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This article in AJ

  1. Vol. 99 No. 1, p. 80-87
    Received: Apr 13, 2006

    * Corresponding author(s): singer@nstl.gov
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Tillage and Compost Effects on Corn Growth, Nutrient Accumulation, and Grain Yield

  1. Jeremy W. Singer *,
  2. Sally D. Logsdon and
  3. David W. Meek
  1. USDA-ARS, National Soil Tilth Lab., Ames, IA 50011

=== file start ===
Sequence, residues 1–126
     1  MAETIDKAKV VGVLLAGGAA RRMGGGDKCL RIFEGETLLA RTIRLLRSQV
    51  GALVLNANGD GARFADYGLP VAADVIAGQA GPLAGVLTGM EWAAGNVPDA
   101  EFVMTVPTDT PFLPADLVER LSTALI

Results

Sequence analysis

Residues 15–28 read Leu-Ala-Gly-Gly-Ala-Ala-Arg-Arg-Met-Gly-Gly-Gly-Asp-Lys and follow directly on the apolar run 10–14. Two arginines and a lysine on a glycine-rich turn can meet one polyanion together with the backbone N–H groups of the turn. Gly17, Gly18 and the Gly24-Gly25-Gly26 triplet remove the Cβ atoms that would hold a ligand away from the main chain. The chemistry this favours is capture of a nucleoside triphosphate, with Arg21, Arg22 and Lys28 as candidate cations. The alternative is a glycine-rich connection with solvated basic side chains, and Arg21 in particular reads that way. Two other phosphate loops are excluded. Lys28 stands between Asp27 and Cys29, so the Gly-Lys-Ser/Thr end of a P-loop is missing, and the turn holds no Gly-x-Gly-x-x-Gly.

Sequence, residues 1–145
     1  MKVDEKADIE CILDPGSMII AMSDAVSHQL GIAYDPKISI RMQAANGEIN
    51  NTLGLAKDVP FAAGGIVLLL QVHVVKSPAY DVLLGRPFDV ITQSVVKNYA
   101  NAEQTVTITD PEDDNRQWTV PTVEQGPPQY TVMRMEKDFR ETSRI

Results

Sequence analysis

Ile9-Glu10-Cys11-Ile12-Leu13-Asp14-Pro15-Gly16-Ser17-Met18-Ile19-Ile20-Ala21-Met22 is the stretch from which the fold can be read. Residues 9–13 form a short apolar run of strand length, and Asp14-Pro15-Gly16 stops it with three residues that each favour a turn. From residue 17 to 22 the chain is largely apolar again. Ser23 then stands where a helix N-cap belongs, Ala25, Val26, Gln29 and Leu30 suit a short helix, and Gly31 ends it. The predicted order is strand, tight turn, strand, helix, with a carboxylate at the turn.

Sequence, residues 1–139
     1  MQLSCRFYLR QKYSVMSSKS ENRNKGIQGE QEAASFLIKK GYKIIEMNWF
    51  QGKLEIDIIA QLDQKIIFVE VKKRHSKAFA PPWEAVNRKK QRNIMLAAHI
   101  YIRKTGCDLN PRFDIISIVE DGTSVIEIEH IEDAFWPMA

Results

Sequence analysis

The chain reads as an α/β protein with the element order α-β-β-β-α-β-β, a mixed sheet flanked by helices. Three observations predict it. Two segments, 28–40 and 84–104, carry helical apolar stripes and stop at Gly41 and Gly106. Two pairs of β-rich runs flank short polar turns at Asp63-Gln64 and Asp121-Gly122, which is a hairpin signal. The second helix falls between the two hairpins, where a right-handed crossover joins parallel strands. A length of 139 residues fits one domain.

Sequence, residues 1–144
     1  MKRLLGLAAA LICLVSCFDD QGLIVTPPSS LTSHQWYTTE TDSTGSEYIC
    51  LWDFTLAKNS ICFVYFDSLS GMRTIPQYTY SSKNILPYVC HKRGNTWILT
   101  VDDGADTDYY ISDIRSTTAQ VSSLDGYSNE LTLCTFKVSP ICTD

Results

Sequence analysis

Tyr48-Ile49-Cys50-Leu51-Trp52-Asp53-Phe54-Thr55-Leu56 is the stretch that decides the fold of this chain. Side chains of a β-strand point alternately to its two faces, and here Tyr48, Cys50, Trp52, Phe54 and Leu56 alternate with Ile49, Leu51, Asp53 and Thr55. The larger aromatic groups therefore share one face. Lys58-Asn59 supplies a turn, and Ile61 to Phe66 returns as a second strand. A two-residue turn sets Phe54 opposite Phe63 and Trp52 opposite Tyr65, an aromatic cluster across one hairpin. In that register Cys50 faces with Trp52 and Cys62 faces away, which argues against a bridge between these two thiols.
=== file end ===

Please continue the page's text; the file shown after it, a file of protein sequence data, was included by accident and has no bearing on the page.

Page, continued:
Applying organic amendments to cropland affects corn (Zea mays L.) response to tillage systems differently. Identifying causes of the tillage by amendment interaction could match amendment inputs to responsive tillage systems. The objectives of this research were to determine if shoot dry matter (DM), nutrient uptake, and soil water use could explain the tillage by compost interaction for corn–grain yield. A corn–soybean [Glycine max (L.) Merr.]–wheat (Triticum aestivum L.)/clover (Trifolium spp.) rotation, in all phases, with or without compost amendment, was initiated in 1998 in plots that had been managed with moldboard plow (MP), chisel plow (CT), or no-tillage (NT) since 1988. Compost amendment increased corn whole-plant P and K uptake 19 and 21%, averaged across 2 yr. No-tillage increased whole-plant P uptake 1 yr compared to MP and CT (113 vs. 65 kg ha−1) and increased grain P concentration (3.1 vs. 1.5 g kg−1). Compost provided no benefit (2 yr) or a negative effect (1 yr, 22%) to corn yield in MP. Compost provided no benefit to corn yield in CT. Corn growing in NT derived no benefit (2 yr) or a positive (1 yr, 9%) effect on grain yield from compost amendment. The tillage and compost responses observed in this study cannot be explained by plant N, soil water use, leaf gas exchange, or DM partitioning. Grain yield from soil managed using NT may respond to compost amendment, but reasons for this response remain unclear.

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